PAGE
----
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The Accordion in the AmericasKlezmer, Polka, Tango, Zydeco, and More!$
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Helena Simonett

Print publication date: 2012

Print ISBN-13: 9780252037207

Published to Illinois Scholarship Online: April 2017

DOI: 10.5406/illinois/9780252037207.001.0001

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No ma’ se oye el fuinfuán

No ma’ se oye el fuinfuán

The Noisy Accordion in the Dominican Republic

Chapter:
(p.249) 12 No ma’ se oye el fuinfuán
Source:
The Accordion in the Americas
Author(s):

Sydney Hutchinson

Publisher:
University of Illinois Press
DOI:10.5406/illinois/9780252037207.003.0013

Merengue is widely recognized as the national music of the Dominican Republic, its most popular and best-known export. In the twentieth century, merengue split into different genres, catering to different social groups: the orquesta merengue, centered around wind and brass instruments, and the accordion-based merengue típico. This chapter examines how the accordion is played in Dominican merengue típic. It outlines historical and contemporary meanings of the accordion as related to class, ethnicity, and gender, suggesting that the instrument often embodies Dominicans' changing ideas about themselves. To construct this argument, it relies on newspaper articles, scholarly and lay histories, the visual arts, interviews with practitioners, and the author's own fieldwork conducted among típico musicians in New York City and Santiago, the Dominican Republic's second-largest city and center of the Cibao, since 2001 and 2004, respectively.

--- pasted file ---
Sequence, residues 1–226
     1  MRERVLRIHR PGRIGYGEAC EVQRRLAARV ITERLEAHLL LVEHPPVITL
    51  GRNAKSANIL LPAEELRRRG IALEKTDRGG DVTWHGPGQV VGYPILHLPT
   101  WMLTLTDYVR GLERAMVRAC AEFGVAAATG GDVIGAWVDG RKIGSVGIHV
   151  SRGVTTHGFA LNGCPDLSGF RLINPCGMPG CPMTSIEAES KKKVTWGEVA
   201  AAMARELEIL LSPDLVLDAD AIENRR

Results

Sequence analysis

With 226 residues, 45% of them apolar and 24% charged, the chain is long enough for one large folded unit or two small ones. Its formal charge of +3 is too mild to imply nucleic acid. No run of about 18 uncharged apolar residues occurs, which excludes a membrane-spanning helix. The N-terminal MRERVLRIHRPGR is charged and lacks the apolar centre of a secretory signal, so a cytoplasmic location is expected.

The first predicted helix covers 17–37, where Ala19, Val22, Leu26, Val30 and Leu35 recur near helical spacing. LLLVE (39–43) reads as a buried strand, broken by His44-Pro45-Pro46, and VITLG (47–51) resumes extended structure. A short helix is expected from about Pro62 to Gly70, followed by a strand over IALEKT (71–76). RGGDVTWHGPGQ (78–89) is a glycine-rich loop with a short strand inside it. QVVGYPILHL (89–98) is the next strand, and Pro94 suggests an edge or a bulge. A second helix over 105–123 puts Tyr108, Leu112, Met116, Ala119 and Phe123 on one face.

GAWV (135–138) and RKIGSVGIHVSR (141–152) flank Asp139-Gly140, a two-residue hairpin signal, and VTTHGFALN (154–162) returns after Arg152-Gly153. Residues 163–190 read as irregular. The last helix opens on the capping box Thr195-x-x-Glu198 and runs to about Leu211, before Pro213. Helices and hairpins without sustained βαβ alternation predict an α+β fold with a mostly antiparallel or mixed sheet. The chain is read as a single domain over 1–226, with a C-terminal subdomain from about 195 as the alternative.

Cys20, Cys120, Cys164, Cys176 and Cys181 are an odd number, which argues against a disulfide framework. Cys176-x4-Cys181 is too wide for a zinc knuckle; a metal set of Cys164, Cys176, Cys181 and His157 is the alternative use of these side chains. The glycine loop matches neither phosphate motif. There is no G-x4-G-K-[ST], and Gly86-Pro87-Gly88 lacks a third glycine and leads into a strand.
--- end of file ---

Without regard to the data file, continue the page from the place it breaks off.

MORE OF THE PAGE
Keywords:   accordion, musical instruments, Dominican Republic, merengue típico

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